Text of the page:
Though this slim volume claims to be a novel, it reads like a memoir, and its prose is as concentrated and image filled as a parable. The first-person narrator is biracial and the daughter of wealthy liberal parents (the author is the daughter of novelist Alice Walker). At her Ivy League school, she and a Jewish friend, Miriam, indulge in an experimental lesbian phase, then drop out for a yearlong trek through Africa. There, the narrator increasingly feels at home, reveling in the racial acceptance that Miriam cannot experience. After months of fatiguing Third World travel, they take a break on an idyllic island in the Indian Ocean off Kenya, where the narrator meets and falls in love with Adé, a young and handsome Swahili Muslim man. VERDICT Most readers will relish the dreamlike story of love and surrender, but some may find the narrator's seduction and immersion into the subservient Islamic women's world surprising, even disturbing. However, it is Kenya's iron-fisted politics and brewing civil war—and inadequate health care—that plant the seeds of doubt in the narrator, leaving the love affair—and the novel—all too short.—Reba Leiding, formerly with James Madison Univ. Lib., Harrisonburg, VA
Kirkus Reviews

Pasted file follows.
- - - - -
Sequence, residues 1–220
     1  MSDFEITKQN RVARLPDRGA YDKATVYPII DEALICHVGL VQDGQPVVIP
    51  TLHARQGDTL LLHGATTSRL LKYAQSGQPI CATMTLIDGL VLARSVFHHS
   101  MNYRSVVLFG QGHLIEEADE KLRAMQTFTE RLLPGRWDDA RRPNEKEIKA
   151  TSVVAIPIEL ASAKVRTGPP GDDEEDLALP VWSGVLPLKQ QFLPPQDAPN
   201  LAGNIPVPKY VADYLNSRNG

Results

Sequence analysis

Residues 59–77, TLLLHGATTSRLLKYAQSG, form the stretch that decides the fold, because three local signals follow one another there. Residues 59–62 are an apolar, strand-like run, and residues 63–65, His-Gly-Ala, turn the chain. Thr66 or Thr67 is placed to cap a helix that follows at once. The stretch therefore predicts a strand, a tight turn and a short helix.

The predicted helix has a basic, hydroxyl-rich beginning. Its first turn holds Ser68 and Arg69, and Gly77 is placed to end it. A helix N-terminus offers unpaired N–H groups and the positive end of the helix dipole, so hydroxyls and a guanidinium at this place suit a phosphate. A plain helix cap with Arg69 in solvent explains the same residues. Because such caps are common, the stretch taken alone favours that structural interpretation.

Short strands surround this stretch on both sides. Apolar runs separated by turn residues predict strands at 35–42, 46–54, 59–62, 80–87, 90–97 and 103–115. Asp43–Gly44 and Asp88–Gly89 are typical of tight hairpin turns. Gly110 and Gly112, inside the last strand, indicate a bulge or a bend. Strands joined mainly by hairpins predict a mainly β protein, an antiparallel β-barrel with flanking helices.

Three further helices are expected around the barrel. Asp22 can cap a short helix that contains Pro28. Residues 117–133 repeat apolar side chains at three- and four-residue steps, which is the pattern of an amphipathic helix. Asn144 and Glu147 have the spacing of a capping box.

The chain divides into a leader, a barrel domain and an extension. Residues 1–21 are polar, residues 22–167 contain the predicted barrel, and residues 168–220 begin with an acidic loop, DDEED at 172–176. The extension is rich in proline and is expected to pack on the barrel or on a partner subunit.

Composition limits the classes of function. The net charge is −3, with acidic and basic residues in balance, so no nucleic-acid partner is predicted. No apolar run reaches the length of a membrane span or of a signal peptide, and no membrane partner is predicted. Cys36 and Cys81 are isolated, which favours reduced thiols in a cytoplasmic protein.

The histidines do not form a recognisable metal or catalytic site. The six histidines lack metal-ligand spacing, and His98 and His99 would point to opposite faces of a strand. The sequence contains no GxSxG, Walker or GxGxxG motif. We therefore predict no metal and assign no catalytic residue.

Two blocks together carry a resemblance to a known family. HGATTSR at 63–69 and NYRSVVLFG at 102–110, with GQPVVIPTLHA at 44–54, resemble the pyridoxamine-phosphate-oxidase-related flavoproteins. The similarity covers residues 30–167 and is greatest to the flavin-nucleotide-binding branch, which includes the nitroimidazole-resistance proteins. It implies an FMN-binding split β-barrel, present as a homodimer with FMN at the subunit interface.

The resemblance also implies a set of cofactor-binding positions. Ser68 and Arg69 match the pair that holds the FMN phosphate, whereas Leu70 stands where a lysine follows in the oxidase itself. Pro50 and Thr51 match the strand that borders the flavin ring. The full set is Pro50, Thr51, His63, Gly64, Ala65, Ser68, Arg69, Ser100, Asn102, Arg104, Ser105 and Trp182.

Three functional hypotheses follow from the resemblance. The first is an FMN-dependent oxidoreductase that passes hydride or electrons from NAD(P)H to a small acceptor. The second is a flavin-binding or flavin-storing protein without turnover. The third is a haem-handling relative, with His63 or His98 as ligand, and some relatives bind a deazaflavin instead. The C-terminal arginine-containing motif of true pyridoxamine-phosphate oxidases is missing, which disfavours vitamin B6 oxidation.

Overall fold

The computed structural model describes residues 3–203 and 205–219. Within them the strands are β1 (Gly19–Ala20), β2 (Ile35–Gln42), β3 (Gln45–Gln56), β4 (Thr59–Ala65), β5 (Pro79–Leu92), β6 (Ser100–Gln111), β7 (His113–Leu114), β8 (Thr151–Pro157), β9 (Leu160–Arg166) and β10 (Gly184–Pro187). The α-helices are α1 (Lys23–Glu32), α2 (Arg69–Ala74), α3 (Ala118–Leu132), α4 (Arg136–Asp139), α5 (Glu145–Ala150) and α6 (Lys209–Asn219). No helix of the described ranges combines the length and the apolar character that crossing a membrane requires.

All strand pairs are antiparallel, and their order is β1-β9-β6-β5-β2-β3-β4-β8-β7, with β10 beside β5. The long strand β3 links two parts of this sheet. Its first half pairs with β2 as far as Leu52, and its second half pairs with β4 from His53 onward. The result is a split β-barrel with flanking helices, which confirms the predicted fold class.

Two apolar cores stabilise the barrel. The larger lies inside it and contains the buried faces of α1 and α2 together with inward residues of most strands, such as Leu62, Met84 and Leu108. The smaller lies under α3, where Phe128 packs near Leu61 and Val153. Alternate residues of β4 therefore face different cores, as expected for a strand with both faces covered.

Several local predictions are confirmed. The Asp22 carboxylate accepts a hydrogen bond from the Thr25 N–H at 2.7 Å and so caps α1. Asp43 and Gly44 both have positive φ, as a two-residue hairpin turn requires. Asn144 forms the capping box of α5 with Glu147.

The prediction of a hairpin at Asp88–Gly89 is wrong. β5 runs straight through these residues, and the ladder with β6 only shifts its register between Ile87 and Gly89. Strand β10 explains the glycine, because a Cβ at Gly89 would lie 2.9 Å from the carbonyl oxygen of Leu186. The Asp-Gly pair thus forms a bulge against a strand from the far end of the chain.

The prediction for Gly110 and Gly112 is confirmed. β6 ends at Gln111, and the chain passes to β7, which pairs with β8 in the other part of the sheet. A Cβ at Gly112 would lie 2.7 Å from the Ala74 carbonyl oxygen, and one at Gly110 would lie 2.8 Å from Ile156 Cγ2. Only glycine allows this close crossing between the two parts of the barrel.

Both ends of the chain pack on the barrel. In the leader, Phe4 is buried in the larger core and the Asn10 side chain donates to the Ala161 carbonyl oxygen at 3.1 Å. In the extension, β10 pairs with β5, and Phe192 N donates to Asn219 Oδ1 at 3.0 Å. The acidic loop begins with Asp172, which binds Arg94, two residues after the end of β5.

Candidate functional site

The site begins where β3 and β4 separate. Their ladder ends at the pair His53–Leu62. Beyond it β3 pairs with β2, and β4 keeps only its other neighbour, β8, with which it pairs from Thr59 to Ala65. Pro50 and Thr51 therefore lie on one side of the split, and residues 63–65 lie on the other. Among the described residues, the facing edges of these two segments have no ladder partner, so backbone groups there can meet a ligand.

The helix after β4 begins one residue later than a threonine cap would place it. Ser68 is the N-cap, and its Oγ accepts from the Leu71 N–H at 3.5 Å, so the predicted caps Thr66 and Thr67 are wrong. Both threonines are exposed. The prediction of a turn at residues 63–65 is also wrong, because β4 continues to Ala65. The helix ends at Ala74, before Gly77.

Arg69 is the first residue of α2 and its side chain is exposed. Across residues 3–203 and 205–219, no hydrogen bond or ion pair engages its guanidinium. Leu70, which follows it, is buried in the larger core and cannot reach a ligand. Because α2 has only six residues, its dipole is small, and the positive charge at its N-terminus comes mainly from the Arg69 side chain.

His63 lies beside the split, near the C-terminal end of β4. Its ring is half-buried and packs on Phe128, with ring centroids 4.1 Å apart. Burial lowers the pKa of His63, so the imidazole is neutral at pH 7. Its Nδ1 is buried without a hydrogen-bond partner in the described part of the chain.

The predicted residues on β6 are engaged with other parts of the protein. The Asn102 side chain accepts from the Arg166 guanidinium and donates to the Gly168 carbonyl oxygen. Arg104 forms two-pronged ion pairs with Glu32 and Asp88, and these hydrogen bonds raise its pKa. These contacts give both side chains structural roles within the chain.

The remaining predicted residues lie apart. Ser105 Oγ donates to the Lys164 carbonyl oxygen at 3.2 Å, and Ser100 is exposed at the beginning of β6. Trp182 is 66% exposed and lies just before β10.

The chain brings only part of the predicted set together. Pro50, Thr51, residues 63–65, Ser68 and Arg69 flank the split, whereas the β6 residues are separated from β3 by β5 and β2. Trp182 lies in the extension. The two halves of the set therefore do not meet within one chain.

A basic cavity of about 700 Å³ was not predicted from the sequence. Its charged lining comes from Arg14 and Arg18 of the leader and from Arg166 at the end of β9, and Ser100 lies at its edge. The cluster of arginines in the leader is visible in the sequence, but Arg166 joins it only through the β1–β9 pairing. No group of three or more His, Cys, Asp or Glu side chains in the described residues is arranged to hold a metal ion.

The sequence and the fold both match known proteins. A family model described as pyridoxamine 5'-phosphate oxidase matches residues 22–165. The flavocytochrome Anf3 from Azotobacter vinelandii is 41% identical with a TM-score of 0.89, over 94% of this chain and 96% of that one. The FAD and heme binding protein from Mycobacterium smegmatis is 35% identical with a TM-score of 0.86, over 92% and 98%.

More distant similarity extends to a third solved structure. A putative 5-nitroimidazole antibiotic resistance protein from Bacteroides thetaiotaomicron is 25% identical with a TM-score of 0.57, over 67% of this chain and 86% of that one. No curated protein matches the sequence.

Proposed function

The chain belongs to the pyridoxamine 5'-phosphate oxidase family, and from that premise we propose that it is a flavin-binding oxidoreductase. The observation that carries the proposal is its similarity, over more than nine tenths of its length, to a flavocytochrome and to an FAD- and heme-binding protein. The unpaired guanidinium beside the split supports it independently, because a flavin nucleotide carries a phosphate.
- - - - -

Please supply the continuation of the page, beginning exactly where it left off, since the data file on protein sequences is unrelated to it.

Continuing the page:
Memoirist Walker (Baby Love, 2007, etc.) makes her fiction debut with a short, sad tale of love that flowers but cannot take root in Kenya. Traveling in Africa, the unnamed American narrator feels "less and less like an outsider, and more like someone fated to be in this new place." (She appears to be the child of a black woman and a Jewish man.) On the island of Lamu, off the coast of Kenya, she meets Adé, a Swahili Muslim man who gives her the Arabic name Farida after they fall blissfully in love. They decide to marry, Adé takes her to meet his mother, and Farida applies herself to learning island ways, from making a fire to covering herself in public. (Her enthusiastic embrace of tradition makes the lyrical descriptions of their lovemaking somewhat jarring, since this would have been forbidden.) When the community decrees that the couple must go to America to ask her parents' permission to marry, Farida's illusion that she truly belongs shatters on the bus ride to the Kenyan capital to apply for Adé's passport. Leaping up to protest against the soldiers who board and matter-of-factly begin to pocket the passengers' valuables, she feels a gun pressed against her cheek; Adé rescues her, but Farida's American invulnerability is gone. Her alienation is further reinforced by dealing with corrupt officials and callous hospital staff after she comes down with malaria and meningitis. Readers know from the novel's first page that Farida and Adé are no longer together, so it's no surprise when they learn there is only one seat on the plane to take her to the States for treatment. Still, it's again jarring to be told "I never saw him again," with no further elaboration. Walker obviously intends this to be a poetic account of a long-ago idyll, but readers simply don't know enough to credit her assertion that "In Adé's sturdy arms…I became myself." Too sketchily developed to fully succeed as a novel, though the prose is gorgeous.